Environmentalists have been cheering that, to win approval of the proposed leveraged buyout of Texas utility TXU Corp., acquirers KKR, Texas Pacific Group, and Goldman Sachs have agreed to drop plans to build 8 of 11 coal-fired electricity plants that TXU had aggressively pursued. According to a story in CNN Money, “Green Groups Strut Their Stuff on Wall Street,”
Before announcing the biggest buyout on record, the private equity buyers of utility TXU Corp. came calling on environmental groups, the latest sign of how the green lobby is increasingly shaping the agenda on Wall Street….
Critics who had howled at TXU’s initial plan to build 11 plants powered by coal hailed the decision as a victory, saying it would prevent 56 million tons of carbon emissions a year.
“The buyout and turnaround of TXU’s position on global warming is an earthquake that happened in Texas, but shock waves are going to be felt from Wall Street to Washington,” Dave Hawkins, director of the Natural Resource Defense Council’s Climate Center, said on a conference call Monday afternoon.
In addition to revising its coal plant strategy, TXU Corp. has pledged to support programs that regulate carbon emissions….
It also will invest $400 million over the next five years in conservation and energy efficiency.
Unfortunately, there is less to this than meets the eye. The decision to cut the number of plants was a pragmatic economic decision; the green spin was gravy. However, the one victory the green lobby can claim is that, by making approvals more time consuming and costly, they are raising the cost of nasty conventional energy sources. But that is a much more limited victory than they are claiming. From the Financial Times, “Green promises help with TXU endorsement,”
In dressing up their bid for TXU, the Texas-based utility, in a shiny green mantel, Kohlberg Kravis Roberts and Texas Pacific Group showed their presentational skills at their best.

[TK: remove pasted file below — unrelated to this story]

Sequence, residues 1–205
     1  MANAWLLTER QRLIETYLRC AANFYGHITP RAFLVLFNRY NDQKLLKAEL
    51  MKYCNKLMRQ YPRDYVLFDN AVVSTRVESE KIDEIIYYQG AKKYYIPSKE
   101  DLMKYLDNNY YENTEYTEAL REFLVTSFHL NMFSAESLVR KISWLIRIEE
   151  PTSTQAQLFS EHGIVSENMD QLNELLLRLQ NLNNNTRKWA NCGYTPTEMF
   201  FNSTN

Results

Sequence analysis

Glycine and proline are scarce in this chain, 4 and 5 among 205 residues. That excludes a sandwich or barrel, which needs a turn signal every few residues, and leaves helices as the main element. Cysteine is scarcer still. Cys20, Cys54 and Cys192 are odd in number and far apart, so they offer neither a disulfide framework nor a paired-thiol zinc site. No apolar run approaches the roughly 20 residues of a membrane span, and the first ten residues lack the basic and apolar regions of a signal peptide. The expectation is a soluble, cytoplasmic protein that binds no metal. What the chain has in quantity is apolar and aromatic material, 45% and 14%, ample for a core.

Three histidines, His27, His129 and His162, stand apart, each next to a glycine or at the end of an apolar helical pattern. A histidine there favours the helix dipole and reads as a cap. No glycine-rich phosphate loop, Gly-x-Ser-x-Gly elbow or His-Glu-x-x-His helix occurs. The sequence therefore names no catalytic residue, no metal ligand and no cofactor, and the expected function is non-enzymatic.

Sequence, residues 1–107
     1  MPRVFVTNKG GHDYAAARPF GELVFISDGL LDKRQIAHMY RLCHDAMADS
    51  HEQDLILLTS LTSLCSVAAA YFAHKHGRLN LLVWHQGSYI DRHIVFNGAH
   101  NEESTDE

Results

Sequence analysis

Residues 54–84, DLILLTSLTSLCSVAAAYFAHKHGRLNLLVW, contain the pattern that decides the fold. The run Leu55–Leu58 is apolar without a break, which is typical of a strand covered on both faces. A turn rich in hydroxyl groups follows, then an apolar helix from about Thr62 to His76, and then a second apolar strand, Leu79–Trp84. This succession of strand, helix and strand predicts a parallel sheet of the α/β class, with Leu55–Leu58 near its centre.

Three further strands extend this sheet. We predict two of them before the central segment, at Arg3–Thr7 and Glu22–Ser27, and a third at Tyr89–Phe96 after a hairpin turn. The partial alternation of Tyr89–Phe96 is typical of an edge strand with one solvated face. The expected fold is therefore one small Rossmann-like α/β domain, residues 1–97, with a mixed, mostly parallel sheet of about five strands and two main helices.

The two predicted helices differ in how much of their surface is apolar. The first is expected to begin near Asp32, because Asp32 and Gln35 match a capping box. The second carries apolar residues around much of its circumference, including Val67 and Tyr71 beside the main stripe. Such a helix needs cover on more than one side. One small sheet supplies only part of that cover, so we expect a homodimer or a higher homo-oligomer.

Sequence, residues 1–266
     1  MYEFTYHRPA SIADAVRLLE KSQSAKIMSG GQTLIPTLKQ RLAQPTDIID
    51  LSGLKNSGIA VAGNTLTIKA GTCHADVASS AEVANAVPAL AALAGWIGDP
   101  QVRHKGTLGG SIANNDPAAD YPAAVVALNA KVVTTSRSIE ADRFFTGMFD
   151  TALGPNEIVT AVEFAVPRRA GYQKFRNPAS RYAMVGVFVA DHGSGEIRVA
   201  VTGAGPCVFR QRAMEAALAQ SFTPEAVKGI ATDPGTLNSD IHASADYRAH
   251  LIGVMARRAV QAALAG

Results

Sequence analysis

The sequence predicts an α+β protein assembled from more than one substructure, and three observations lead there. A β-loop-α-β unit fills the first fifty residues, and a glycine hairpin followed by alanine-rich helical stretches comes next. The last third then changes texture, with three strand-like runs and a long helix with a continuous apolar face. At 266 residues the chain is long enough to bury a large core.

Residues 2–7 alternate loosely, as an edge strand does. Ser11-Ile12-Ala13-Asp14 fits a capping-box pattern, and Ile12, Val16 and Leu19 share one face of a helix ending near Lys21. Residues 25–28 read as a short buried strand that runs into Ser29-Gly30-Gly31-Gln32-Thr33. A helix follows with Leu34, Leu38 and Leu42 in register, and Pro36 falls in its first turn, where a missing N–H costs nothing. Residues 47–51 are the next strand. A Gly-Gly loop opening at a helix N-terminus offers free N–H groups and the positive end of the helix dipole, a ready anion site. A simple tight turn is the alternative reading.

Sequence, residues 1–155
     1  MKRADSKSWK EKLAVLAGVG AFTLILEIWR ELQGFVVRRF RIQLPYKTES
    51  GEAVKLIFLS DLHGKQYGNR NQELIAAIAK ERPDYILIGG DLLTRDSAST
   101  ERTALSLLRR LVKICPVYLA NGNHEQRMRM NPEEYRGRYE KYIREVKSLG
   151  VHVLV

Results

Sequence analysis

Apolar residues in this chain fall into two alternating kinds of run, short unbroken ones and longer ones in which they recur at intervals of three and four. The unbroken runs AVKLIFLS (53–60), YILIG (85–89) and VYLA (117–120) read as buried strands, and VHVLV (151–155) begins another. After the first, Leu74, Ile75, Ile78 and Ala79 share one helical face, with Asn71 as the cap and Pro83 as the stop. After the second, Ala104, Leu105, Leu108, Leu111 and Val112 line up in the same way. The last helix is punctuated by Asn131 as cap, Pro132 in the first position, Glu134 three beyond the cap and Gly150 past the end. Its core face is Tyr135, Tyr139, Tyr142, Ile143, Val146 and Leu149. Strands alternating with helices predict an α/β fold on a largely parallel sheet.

Their promises to reshape TXU’s environmental strategy, including the cancellation of eight of the 11 coal-fired power plants that the company planned to build in Texas, won them the endorsement of campaign groups such as the Natural Resources Defence Council – potentially valuable allies in what could be a contentious bid.
The environmental issues raised by the bid are genuine, and the commitments made by KKR and TPG are sincere.
As the US moves towards policies to curb carbon emissions, it is significant that the buyout partners say that TXU will throw its weight behind the campaign for mandatory limits on carbon dioxide emissions, and will cut its own emissions in the next decade….
But there are also some very sound reasons for TXU to drop its planned investment in power plants that are more hard-nosed than high-minded.
The plan to add 11 power plants generating about 9,000 megawatts to TXU’s capacity was both commercially and politically ambitious.
Politically, it stirred up a storm of criticism from environmental groups, and ran into trouble with the Texas authorities.
Commercially, it involved a heavy spending programme. TXU boasted last year that while it was building its new plants it was likely to be investing more in Texas than the refining and micro-electronics industries put together. Its capital spending would have been about 135 per cent of its earnings from 2006-10.
For a lean, cost-conscious private equity owner, such a large investment programme was never going to be appealing.
Even without the bid, TXU might have had to think again about its spending, according to Anthony Damiano of Wood Mackenzie, the consultancy, in Houston. The delays put into the programme by the political opposition, and rising costs for big capital projects, were threatening its viability.
“TXU made it very clear that part of the reason for doing this expansion so quickly was to keep the costs down, and delays getting the permits had raised the costs,” Mr Damiano said.
“It raises the question of whether this deal is a way to get out of TXU’s difficulties in achieving this plan. If so, you have to say it has been brilliant, both for the PR spin and in terms of getting a getting a good valuation.”